What does Noah Born a Crime piece teach us about racism?
Noah Trevor’s essay, “Born a Crime” has a surprise ending. What does Noah’s piece teach us about racism? How might it inform us today amidst current protests/discussions of racial injustice in America? What are important takeaways and how do you see an application of this teaching to the way we need to rethink how we treat each other?
Finally liberated by the end of South Africa’s tyrannical white rule, Trevor and his mother set forth on a grand adventure, living openly and freely and embracing the opportunities won by a centuries-long struggle.
Born a Crime is the story of a mischievous young boy who grows into a restless young man as he struggles to find himself in a world where he was never supposed to exist. It is also the story of that young man’s relationship with his fearless, rebellious, and fervently religious mother—his teammate, a woman determined to save her son from the cycle of poverty, violence, and abuse that would ultimately threaten her own life.
The stories collected here are by turns hilarious, dramatic, and deeply affecting. Whether subsisting on caterpillars for dinner during hard times, being thrown from a moving car during an attempted kidnapping, or just trying to survive the life-and-death pitfalls of dating in high school, Trevor illuminates his curious world with an incisive wit and unflinching honesty. His stories weave together to form a moving and searingly funny portrait of a boy making his way through a damaged world in a dangerous time, armed only with a keen sense of humor and a mother’s unconventional, unconditional love.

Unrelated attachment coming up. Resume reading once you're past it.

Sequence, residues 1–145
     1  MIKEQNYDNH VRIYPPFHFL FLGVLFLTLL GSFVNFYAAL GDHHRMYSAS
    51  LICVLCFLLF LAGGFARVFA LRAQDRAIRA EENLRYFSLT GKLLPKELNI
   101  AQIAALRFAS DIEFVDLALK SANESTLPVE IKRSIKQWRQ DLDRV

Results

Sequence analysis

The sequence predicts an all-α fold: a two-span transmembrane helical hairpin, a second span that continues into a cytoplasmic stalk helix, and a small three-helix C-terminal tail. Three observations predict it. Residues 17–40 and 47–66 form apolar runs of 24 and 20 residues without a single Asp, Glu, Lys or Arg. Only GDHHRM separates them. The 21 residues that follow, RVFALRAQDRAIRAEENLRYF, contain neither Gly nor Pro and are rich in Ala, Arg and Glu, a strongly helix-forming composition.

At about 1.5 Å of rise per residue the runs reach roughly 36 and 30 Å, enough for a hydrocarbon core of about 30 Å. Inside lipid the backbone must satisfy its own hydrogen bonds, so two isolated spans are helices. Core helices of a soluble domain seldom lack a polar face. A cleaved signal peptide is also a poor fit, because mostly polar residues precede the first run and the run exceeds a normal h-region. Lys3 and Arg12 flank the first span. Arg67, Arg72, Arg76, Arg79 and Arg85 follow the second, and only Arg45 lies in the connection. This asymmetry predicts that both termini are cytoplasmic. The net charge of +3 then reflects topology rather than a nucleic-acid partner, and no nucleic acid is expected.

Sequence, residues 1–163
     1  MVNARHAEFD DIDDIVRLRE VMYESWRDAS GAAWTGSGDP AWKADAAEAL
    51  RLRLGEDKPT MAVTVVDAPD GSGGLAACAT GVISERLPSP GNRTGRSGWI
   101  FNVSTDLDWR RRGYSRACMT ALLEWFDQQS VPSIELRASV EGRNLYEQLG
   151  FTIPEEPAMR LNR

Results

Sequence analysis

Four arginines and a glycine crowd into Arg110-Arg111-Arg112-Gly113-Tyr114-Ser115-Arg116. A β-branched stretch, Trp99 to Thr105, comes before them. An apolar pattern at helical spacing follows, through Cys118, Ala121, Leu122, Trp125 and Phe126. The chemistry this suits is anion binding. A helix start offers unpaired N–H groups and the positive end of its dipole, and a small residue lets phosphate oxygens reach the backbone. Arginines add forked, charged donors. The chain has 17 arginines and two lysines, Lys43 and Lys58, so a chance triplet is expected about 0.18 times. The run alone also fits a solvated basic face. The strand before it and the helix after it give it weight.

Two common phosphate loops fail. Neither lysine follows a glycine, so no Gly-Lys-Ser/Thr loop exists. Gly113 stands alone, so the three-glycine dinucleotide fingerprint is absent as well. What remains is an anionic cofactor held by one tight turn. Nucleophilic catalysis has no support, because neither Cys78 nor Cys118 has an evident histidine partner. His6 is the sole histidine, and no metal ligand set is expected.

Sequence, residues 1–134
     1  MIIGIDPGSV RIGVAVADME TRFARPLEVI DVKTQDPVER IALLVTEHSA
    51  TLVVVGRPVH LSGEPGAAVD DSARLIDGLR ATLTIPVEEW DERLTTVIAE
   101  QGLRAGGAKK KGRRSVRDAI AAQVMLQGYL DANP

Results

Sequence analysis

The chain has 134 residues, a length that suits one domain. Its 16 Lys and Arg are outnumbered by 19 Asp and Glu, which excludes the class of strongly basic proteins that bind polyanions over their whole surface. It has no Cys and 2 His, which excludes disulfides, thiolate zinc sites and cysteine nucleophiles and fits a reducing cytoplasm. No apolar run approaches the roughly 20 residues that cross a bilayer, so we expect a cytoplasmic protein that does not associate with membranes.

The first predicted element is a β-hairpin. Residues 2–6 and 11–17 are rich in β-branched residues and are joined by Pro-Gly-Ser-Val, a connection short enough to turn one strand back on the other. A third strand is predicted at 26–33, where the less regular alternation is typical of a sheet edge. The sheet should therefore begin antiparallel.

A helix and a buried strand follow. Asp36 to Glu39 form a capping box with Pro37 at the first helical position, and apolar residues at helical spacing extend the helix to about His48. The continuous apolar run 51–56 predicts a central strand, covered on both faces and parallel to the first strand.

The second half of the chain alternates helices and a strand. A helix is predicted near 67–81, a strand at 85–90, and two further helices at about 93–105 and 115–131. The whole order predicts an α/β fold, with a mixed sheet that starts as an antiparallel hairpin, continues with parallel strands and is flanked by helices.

#1 NEW YORK TIMES BESTSELLER • More than one million copies sold! A “brilliant” (Lupita Nyong’o, Time), “poignant” (Entertainment Weekly), “soul-nourishing” (USA Today) memoir about coming of age during the twilight of apartheid
“Noah’s childhood stories are told with all the hilarity and intellect that characterizes his comedy, while illuminating a dark and brutal period in South Africa’s history that must never be forgotten.”—Esquire
Winner of the Thurber Prize for American Humor and an NAACP Image Award • Named one of the best books of the year by The New York Time, USA Today, San Francisco Chronicle, NPR, Esquire, Newsday, and Booklist
“A soul-nourishing pleasure . . . an enormous gift.”—USA Today
“By turns alarming, sad and funny . . . not just an unnerving account of growing up in South Africa under apartheid, but a love letter to the author’s remarkable mother.”—Michiko Kakutani, The New York Times
“You’d be hard-pressed to find a comic’s origin story better than the one Trevor Noah serves up in Born a Crime. . . . Witty truth-telling . . . brilliant comedy.”—O: The Oprah Magazine
“Remarkable . . . smart . . . extraordinary . . . essential reading on every level.”—The Seattle Times
“[Noah] thrives with the help of his astonishingly fearless mother. . . . Their fierce bond makes this story soar.”—People
“When I think of Trevor Noah, the first image I see is from his brilliant memoir, Born a Crime, of Trevor’s mother throwing him out of a moving vehicle while he’s asleep in order to save his life. Through other eyes this could be remembered as traumatic and harrowing. Through Trevor’s it is bonding and hilarious, a testament to the love of someone who truly had to think on their feet. That is how Trevor sees the world. A fantastic storyteller, he has always been a defier of rules, which he broke simply by being born in his native country.”—Lupita Nyong’o, Time